However, humans never recorded the discovery of Porto Santo Island or the other Madeira islands until 1418, when Porto Santo was accidentally discovered after captains were storm blown into its sheltered harbor. They were in the service of the Henry the Navigator. João Gonçalves Zarco and Tristão Vaz Teixeira had been ordered by King John I to discover new territory west of Africa and had been sent off-course by a storm while making the volta do mar westward swing return voyage. The island's name Porto Santo (en: "Holy Harbour") was derived from the sailors' stories of their discovery of a sheltered bay during the tempest, which was interpreted as divine deliverance. The first Portuguese settlers arrived in the 1420s.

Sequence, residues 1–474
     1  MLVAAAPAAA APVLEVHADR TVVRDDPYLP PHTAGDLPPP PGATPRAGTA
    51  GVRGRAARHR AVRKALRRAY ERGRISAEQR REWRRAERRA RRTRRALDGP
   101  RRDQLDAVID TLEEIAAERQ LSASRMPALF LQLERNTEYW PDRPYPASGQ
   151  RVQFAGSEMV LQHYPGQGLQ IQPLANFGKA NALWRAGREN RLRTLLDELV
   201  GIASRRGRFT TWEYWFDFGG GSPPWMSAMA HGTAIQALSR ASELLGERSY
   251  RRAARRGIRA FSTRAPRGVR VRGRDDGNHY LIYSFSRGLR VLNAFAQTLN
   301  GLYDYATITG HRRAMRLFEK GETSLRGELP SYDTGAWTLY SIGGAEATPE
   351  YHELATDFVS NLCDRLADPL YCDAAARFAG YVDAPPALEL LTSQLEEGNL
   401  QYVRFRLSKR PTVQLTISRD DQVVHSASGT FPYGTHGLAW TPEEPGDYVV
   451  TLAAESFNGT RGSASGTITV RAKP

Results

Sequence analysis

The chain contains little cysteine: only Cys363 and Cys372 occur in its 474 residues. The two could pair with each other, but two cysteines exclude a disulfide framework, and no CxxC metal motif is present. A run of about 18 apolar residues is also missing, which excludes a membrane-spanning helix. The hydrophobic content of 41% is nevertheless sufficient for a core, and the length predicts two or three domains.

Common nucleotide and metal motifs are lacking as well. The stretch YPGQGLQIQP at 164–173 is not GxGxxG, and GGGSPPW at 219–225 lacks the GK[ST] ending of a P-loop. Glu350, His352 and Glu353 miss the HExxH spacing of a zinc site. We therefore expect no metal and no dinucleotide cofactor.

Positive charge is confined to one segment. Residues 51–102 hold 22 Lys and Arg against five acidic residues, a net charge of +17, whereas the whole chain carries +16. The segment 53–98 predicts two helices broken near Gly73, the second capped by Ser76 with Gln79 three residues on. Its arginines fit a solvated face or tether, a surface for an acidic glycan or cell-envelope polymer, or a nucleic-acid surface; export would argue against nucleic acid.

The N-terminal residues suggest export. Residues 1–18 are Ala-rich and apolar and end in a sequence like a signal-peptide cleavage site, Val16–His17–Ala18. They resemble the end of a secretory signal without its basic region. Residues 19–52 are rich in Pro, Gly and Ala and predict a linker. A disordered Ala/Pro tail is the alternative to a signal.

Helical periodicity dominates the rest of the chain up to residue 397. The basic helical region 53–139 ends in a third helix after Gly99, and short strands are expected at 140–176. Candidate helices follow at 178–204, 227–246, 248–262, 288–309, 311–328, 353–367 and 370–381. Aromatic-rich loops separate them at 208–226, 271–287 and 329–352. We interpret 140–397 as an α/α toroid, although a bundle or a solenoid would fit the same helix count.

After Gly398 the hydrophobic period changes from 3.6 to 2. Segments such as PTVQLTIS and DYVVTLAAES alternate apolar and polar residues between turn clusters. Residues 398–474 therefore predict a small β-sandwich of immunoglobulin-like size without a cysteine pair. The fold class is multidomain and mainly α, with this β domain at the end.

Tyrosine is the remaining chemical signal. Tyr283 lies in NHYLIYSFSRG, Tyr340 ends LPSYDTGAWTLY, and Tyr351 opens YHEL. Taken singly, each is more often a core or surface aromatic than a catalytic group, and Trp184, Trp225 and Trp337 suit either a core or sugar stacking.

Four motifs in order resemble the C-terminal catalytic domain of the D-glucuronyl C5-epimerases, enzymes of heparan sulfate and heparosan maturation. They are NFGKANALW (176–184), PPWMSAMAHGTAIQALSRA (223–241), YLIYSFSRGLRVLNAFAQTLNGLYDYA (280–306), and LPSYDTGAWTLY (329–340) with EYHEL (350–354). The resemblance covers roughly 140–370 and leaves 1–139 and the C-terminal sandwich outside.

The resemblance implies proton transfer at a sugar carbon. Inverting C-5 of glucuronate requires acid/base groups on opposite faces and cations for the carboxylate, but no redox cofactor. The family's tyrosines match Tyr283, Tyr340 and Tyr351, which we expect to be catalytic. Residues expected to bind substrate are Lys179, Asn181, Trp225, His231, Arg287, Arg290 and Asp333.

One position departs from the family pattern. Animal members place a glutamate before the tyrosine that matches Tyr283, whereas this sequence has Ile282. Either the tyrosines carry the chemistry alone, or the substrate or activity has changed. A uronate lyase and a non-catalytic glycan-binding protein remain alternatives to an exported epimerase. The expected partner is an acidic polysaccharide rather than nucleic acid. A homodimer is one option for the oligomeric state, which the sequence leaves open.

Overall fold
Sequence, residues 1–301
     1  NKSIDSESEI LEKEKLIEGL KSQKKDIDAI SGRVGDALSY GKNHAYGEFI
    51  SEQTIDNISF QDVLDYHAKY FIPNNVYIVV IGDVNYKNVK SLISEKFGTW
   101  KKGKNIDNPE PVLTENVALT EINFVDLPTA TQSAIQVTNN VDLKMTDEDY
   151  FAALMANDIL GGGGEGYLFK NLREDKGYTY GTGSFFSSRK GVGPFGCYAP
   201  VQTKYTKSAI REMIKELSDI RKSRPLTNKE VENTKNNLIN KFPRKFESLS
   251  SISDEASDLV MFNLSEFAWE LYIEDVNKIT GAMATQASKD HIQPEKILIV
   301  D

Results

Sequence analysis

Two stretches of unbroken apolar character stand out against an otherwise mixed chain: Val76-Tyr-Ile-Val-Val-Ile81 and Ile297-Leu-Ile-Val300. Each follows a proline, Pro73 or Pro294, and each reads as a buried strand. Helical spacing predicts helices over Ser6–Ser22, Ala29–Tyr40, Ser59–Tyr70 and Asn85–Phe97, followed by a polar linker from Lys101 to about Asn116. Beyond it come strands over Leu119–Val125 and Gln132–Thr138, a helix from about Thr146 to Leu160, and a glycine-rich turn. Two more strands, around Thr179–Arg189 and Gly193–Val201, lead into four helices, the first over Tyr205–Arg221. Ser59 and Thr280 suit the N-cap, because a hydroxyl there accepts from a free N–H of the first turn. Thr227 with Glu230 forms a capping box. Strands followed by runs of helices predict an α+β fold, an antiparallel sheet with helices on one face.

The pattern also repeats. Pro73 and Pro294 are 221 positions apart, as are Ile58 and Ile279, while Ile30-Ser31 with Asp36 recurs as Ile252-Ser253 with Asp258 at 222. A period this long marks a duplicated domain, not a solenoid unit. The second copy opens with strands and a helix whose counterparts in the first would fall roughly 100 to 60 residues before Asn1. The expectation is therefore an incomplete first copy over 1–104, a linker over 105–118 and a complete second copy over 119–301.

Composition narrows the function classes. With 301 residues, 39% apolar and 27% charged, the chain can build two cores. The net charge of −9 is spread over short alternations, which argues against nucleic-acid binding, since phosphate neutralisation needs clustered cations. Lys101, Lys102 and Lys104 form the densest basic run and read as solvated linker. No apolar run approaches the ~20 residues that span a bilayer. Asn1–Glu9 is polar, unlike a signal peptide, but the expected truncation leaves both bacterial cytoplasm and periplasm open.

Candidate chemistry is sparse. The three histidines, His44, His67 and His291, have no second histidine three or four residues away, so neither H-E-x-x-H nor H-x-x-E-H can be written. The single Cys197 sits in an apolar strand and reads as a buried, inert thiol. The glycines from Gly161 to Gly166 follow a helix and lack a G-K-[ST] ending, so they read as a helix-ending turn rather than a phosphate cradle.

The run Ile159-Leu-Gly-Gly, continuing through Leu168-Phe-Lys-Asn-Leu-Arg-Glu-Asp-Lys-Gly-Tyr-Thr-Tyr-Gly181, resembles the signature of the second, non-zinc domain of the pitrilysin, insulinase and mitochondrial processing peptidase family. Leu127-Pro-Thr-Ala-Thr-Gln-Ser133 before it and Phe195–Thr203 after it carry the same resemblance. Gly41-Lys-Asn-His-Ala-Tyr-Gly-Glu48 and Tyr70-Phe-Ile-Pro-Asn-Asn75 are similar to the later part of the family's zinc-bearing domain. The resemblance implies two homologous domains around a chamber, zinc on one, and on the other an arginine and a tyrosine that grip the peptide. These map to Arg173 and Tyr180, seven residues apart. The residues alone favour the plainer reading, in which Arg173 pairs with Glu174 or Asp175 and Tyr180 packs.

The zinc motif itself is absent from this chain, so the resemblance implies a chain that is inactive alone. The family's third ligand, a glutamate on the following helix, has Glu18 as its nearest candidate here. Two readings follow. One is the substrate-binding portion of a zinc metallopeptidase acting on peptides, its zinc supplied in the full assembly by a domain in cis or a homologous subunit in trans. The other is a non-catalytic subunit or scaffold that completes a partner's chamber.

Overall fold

Bartolomeu Perestrelo, a member of the team that later explored the Madeira Islands, became the first Captain-donatário of Porto Santo, by royal award in November 1445. It was he who released a female rabbit that had littered on the voyage, with her offspring, which multiplied catastrophically in a xeric island ecosystem that had evolved in isolation and had never known a flightless mammal. The loss of the native flora laid the island slopes open to erosion and colonization by European weeds that accompanied the settlers. As a result, "the Porto Santo of 1400 is as lost to us as is the world before the Noachian flood".
During the first centuries of settlement, life on Porto Santo was harsh, owing to the scarcity of potable water and the depredations of feral rabbits; there were also constant attacks by Barbary Coast pirates and French privateers.